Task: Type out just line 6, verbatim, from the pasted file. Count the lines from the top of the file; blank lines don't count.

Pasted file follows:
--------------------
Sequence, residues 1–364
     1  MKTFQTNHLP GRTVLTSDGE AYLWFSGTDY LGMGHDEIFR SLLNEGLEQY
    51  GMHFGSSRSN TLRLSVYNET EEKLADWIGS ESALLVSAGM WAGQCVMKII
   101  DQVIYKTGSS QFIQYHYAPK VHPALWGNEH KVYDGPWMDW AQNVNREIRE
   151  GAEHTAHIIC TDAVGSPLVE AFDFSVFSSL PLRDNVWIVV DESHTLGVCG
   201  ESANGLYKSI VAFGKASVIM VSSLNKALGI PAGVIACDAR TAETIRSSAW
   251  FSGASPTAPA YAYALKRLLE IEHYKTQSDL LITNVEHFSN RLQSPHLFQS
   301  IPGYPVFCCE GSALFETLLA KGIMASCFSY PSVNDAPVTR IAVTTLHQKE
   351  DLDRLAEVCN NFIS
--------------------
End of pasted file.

   201  ESANGLYKSI VAFGKASVIM VSSLNKALGI PAGVIACDAR TAETIRSSAW